Why did the Cannibal account get disciplined?… Because she was buttering up her clients!
All kidding aside, it’s probably safe to say that many American International Educators are not well-informed when it comes to the overseas “tax thing.” We’re all pretty sure we won’t have to pay taxes back home, but for the most part, that’s as far as the knowledge base goes.
When tax time rolls around, as it always does, we are obligated to file, even if we don’t owe one cent. For help with taxes, some International Educators turn to on-line, mass-market software; others visit one-stop tax offices when back home on vacation. A small group, of which we all know a few, procrastinate for years, fearing the day the IRS catches up with them.
Do-it-yourself tax software works, but usually fails to clearly explain all the overseas issues. This leaves you wondering if you’ve filled in everything correctly. One-stop tax shops are normally not well-versed in the details of overseas tax issues, costing you fees and errors that may result in paying extra tax. Long-term procrastination, always a poor choice, is hard on your psyche and can lead to problems with the tax man, “who isn’t going to butter you up.”
Useful points to keep in mind this tax season
- US citizens and residents living/working outside the US are allowed an automatic 2-month extension to file (to June 15), plus additional time depending on circumstances. Any tax owed is still due on April 15, so you’ll owe some interest when you pay later.
- Your first year living overseas you will often need an extension beyond June 15 if you expect to qualify for the Foreign-Earned Income Exclusion, which requires 330 days out of country. An extension request should be filed by the regular deadline. For the 2016 tax year, the exclusion is $101,300.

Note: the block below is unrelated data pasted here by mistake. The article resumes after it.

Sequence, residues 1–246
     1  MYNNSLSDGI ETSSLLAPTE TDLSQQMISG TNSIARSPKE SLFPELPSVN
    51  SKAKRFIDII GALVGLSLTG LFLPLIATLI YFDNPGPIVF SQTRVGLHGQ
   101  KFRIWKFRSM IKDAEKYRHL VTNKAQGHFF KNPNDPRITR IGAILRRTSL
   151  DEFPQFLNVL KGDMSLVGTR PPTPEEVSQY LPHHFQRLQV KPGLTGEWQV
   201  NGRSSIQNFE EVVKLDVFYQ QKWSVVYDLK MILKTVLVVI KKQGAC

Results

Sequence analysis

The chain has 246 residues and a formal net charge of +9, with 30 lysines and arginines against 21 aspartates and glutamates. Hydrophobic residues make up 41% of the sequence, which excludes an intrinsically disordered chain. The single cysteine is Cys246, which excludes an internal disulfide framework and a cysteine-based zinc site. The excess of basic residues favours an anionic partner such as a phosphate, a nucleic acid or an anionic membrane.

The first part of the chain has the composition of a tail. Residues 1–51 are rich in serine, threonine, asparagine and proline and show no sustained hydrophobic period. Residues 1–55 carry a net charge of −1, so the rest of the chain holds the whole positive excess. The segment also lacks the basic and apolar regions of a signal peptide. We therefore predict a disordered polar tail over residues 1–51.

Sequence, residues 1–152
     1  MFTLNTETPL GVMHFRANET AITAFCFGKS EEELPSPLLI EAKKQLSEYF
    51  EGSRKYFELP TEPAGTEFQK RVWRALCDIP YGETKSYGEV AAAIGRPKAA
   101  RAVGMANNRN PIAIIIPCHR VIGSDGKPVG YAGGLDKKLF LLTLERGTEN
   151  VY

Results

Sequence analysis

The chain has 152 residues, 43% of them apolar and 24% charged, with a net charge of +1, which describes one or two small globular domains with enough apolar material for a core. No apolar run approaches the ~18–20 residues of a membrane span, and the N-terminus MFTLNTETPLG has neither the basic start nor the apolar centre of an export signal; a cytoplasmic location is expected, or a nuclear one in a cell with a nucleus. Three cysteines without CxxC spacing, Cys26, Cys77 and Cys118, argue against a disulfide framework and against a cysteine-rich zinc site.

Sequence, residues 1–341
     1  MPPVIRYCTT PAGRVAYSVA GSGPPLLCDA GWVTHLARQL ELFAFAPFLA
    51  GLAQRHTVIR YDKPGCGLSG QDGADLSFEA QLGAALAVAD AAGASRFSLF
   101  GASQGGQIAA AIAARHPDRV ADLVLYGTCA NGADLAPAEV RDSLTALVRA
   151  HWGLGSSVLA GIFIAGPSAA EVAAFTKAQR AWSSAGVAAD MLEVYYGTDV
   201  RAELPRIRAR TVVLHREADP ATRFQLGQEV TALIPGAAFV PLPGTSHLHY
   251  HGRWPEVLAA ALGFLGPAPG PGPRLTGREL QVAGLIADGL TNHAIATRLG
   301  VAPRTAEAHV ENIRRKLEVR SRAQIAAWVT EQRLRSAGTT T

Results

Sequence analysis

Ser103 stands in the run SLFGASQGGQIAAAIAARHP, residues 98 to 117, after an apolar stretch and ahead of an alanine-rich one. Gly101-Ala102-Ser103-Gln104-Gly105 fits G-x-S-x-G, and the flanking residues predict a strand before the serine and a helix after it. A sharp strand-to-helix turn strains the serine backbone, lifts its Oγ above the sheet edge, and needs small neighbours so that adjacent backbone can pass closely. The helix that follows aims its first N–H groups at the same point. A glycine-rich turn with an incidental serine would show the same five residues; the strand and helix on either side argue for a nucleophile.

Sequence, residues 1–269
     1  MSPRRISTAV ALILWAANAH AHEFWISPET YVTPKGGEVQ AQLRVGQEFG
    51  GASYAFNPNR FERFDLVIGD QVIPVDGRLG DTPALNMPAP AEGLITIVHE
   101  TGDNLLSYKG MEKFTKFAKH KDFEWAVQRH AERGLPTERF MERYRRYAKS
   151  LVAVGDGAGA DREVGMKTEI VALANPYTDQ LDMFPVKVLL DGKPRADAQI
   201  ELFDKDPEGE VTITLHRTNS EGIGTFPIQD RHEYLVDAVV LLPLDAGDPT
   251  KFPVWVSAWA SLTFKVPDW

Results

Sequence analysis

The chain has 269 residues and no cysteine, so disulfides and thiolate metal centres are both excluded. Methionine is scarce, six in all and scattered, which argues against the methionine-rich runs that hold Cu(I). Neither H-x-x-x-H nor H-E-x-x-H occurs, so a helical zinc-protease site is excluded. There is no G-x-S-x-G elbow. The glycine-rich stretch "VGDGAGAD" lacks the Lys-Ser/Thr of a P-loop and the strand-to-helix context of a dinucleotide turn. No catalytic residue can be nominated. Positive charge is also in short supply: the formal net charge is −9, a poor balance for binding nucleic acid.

- If your school grants a tuition break to allow your kids to go to the school where you teach, the tuition amount is generally not considered taxable income. Housing benefits, on the other hand, even school-provided housing, are taxable in most cases.
- Over the years I’ve relied on an accountant to take care of my taxes. She’s up-to-date on the tax code, charges a fair price, and I’ve not paid a cent in US taxes for many years. Best of all, I’m legal and feel secure in knowing that should a problem arise, she’ll handle it. Her fee is a small price to pay for convenience and peace of mind.
If you decide to go it alone and take the do-it-yourself route, be sure to check out the very active discussion on this topic taking place on the ISR Open Forum. It’s chock-full of useful advice and information from overseas educators with first-hand experience on the topic of taxes. You don’t need to be an ISR member to read/post to the forum.
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